THROUGHOUT Queensland I have travelled along many rural and remote roads and ventured up and down countless highways. Along the way I've passed and re-passed places where I have previously completed photo shoots.
I may not necessarily remember every property or person's name, but I can recall what photographs were taken and what events took place while capturing those moments.
With each assignment I am sent on or with every lead that I may stumble across there is usually a story within the story.
Usually I meet people who will only be in my life for a short period of time - a couple of hours at most - and then they are gone again.
When I arrived at the Norwin property Lance and Arnold Peters, Springfields, made comment that they weren' t the most photographic people in the district. Yet I beg to differ because with each picture I snapped they were obliging and eager to please. This is my favourite picture of them among their dryland corn crop.
Yet, more often than not, when I look back over my photos I can recall certain things about the time spent with them and this makes each photo shoot memorable.
For example meeting Lance and Arnold Peters at Norwin last week was a delight.
Mr Peters suggested that perhaps I should seek out someone more photogenic or better looking than he and his son. When the shoot was over I commented that they didn’t look too bad after all.
I enjoy having people tell me that they don’t take a good photo. I watch their expressions as they see the final product and more often than not the comment is: “Oh that’s actually not too bad. I like that.” This is when I know I am doing my job.
Have you ever met someone briefly and by spending just a few moments with them felt you are a better person for it?
That is how I feel regularly and usually the ones I meet are just everyday people, going about their everyday lives and dealing with what cards they have been dealt.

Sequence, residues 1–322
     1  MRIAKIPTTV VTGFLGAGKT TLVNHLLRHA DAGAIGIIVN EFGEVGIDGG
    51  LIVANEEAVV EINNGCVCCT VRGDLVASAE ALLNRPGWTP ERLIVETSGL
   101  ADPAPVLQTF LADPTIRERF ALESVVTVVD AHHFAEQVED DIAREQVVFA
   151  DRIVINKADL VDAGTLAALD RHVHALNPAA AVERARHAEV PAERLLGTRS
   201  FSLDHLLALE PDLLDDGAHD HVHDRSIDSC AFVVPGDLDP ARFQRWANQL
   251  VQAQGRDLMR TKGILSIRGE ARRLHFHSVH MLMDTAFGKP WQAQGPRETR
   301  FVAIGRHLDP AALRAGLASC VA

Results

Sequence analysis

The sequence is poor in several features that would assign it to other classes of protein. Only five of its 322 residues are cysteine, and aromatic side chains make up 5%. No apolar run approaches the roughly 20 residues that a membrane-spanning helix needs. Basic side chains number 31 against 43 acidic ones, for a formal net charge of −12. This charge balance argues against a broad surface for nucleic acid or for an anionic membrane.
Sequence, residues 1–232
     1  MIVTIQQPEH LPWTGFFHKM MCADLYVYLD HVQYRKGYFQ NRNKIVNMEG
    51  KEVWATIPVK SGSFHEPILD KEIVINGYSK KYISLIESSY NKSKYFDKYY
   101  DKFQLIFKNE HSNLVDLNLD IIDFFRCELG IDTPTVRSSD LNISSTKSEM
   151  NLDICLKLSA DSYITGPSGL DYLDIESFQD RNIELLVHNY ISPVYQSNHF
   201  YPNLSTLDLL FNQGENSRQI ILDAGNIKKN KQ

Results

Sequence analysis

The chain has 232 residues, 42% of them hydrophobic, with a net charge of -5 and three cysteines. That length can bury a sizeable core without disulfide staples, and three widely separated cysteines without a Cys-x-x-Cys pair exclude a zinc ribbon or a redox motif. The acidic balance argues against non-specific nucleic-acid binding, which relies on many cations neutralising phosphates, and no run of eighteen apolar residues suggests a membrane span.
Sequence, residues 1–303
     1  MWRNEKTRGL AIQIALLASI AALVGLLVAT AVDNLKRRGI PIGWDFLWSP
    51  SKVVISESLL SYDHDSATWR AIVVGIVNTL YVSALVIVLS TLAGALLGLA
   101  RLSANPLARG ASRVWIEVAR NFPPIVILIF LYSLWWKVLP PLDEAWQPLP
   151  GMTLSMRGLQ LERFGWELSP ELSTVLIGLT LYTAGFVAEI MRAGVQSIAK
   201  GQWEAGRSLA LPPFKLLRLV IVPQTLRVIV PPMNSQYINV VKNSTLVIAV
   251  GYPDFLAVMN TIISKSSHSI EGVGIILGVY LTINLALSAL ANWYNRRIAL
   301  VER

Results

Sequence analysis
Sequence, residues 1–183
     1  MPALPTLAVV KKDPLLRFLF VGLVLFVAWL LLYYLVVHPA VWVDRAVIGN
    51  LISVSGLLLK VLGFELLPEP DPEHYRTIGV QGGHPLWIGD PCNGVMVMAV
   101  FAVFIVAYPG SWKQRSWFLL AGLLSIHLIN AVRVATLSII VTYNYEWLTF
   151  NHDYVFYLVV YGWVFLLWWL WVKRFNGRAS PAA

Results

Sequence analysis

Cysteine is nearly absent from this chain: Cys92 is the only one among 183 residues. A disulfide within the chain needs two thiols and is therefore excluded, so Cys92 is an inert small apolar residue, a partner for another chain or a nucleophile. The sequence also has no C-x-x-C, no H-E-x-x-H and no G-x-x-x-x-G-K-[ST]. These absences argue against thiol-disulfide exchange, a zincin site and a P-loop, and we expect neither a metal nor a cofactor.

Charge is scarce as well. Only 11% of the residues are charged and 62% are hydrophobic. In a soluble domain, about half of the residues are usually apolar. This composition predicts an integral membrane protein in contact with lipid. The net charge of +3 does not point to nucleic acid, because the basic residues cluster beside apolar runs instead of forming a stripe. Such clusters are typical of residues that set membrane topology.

One such couple are Mervyn and Courtney Newlands from Captains Mountain.
They have two beautiful boys and one of them has been diagnosed with Autism, which is a “lifelong developmental condition that affects, among other things, the way an individual relates to their environment and their interaction with other people".
Mason's mum, Courtney, explained to me that since Mason had been at AEIOU in Toowoomba, he had improved greatly. From previous years of working with children with autism I was impressed with how Mason interacted with us.
The Newlands have accepted this diagnosis and have told me that they “happily embrace Mason having Autism”. This sort of attitude is inspiring to me and working with children with special needs is and always will be another passion of mine.
Recently I also caught up with some very resilient people including Lindsay Penney. Considering everything that has happened to him and his family, they can still laugh and have a joke with me and smile for the camera while out inspecting the devastation left by Cyclone Marcia.
Living on the land can be a tough way of life and my heart goes out to all the farmers who are being affected by floods and drought at the moment.
May you find strength within yourselves and each other and the ability to get through these trying times.
Every week I meet new people and from those encounters I usually walk away having learnt something new or having gained some useful information to pass onto the next person.
I owe a lot of great memories to people I hardly know and to them I say – Thank You.